- Damascus Diary: An Inside Account of Hafez al-Asad’s Peace Diplomacy, by Bouthaina Shaaban
The personal story of Bouthaina Shaaban is, to a great extent, the story of Syria under Ba‘th rule during the second half of the 20th century. Shaaban was born in 1953 to an ‘Alawi family from the village of al-Mas‘udiyya in the District of Homs. She joined the Ba‘th Party at the age of 16, obtained her PhD. in English literature from the University of Warwick, and attained the position of Professor of English Literature at Damascus University. In 1990, she reached the trusted position of translator for Hafiz al-Asad and his son and heir, Bashar al-Asad. Under Asad, she served from 2003–2008, as Minister of Expatriates.
Shaaban’s own rise reflects the social transformation that took place in Syria following the Ba‘th revolution in 1963. In particular, it reflects the rise of members from the minority communities and from the rural Sunni population — who made up the broad social coalition led by ‘Alawi army officers, and later by the Asad family, that has ruled [End Page 486] Syria in recent decades. It is no wonder, then, that Shaaban’s book starts with her first meeting with Hafiz al-Asad, which resulted in her receiving a scholarship that enabled her to study at Damascus University and acquire the education that paved her way in the coming years (pp. 1–4).
Shaaban’s appointment in 2008 as political and media adviser to the presidential palace, along with the fact that Syria lapsed into a bloody civil war in March 2011, provided her with free time, which she used to write Damascus Diary. However, she chose not to address in her book the timely issue of Bashar al-Asad’s conduct during the current crisis. Rather, she chose to describe Syria’s peace negotiations with Israel.
Much was written in Israel and in the United States about the Israeli-Syrian peace talks. The absence of a Syrian version lends special importance to Shaaban’s book, in which she seeks to present a full and comprehensive account of the Syrian side in the peace talks, based on the personal experiences of someone who sat in on a significant portion of Asad’s meetings with American officials, and who was granted access to the official Syrian protocols kept in the Syrian archives.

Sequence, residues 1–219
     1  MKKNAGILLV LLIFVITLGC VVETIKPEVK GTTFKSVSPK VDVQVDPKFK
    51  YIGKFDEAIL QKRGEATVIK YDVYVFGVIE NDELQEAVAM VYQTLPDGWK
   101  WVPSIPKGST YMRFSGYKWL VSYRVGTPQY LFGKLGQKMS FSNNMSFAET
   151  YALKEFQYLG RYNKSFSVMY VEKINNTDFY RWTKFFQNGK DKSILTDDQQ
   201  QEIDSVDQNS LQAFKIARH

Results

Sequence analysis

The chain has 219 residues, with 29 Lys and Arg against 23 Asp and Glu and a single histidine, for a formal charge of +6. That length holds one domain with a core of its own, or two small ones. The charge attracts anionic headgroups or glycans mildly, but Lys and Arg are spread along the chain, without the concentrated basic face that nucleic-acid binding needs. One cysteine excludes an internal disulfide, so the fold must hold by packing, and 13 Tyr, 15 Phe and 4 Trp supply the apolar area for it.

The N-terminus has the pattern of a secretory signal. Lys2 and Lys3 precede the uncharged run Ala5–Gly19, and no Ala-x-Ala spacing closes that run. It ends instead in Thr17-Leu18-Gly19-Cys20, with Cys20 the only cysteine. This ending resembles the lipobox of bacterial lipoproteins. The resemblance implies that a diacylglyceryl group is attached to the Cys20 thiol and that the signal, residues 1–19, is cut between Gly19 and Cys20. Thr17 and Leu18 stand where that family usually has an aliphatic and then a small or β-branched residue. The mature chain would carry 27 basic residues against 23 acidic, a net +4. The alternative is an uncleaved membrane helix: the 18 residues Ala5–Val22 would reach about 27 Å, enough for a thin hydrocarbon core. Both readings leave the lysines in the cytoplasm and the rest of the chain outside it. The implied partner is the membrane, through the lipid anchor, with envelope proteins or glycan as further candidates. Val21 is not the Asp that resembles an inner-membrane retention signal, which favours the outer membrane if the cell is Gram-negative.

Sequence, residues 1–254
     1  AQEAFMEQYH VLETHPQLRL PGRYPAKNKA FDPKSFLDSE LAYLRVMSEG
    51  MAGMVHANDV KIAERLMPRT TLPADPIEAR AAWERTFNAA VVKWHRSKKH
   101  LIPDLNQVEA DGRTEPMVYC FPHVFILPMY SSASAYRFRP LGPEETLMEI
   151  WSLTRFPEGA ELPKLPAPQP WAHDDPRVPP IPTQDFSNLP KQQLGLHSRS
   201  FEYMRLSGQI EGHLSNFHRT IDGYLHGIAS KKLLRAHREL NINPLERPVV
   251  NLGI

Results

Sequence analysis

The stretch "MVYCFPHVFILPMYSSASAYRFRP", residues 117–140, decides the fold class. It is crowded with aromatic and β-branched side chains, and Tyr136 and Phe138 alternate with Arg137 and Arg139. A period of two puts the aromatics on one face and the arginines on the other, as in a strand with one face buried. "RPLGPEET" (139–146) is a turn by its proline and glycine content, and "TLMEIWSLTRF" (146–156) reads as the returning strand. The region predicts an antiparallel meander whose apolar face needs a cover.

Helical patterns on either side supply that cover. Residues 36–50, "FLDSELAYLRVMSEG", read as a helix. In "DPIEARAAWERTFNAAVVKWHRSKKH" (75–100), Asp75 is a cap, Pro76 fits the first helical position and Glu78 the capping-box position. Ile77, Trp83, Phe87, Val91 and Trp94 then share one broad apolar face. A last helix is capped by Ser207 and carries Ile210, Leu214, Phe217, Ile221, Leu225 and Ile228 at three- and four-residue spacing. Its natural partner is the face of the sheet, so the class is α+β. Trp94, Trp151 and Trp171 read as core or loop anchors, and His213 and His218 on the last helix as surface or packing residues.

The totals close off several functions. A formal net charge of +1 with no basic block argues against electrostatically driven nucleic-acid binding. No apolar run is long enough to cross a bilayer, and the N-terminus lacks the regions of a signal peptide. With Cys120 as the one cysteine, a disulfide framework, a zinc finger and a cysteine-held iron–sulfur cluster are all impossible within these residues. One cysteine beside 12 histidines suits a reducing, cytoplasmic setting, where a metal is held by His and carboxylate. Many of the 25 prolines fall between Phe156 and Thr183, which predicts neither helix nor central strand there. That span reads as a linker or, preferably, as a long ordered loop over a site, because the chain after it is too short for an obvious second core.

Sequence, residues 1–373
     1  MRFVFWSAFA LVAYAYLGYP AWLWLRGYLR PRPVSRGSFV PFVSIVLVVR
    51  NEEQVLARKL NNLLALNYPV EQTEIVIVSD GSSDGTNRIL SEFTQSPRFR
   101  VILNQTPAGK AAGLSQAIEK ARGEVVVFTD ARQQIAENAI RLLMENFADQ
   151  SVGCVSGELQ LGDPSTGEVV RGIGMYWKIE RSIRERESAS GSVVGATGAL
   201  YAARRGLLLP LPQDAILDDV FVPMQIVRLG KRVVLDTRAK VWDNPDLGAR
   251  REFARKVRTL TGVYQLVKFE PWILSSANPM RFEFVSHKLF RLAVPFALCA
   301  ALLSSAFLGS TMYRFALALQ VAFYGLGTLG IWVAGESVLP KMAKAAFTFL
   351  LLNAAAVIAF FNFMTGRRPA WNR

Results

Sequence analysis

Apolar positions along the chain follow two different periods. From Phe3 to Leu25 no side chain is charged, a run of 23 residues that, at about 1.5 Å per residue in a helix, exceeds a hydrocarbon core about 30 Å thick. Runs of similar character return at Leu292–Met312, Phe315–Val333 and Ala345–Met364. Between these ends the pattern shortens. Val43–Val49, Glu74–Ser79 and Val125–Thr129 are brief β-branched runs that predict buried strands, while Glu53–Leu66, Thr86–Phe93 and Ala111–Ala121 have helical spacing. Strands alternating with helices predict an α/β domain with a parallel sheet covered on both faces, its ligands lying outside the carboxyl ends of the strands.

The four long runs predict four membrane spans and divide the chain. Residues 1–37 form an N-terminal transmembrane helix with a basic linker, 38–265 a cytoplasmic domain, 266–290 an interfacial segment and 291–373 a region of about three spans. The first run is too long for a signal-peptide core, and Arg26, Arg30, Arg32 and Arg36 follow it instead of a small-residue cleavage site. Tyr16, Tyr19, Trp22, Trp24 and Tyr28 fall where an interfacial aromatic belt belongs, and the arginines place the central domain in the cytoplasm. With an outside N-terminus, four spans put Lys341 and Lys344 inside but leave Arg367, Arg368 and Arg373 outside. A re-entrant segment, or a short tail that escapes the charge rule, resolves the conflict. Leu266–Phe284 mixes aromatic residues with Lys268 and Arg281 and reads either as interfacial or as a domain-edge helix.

Shaaban’s book arouses great expectations. One would hope that answers would be provided to many fascinating and hitherto unanswered questions regarding the conduct of the Syrian side in the peace negotiations.
Unfortunately, Shaaban’s contribution to answering such questions is marginal; and in general, she tries to ignore them. She adds only a few details to what has already appeared in the published literature on this topic. Still, Shaaban’s book does provide two major insights. One is that Hafiz al-Asad’s Syria did not conduct negotiations with Israel, but with the United States. This was because peace with Israel was meant to be merely a path to Washington. The other insight is that there was in Syria a disregard or lack of understanding of what was happening on the other side of the hill — on the Israeli side. The Syrians were either not interested in, or did not understand the dynamics, the motives, and the considerations of the side that was an enemy in war, but had now become a partner in negotiations.
The book is full of errors: dates are given inaccurately, facts are presented incorrectly, and there are puzzling omissions of anything that fails to support the narrative Shaaban wants to promote. For example, Prime Minister Yitzhak Rabin gave the so-called “deposit” in the summer of 1993, on the eve of the Oslo Agreement. However, in describing it, Shaaban places it at the beginning of 1994 (pp. 98–107).
The main contribution of Bouthaina Shaaban’s Damascus Diary is the protocols it cites showing how the Americans and Syrians spoke with each...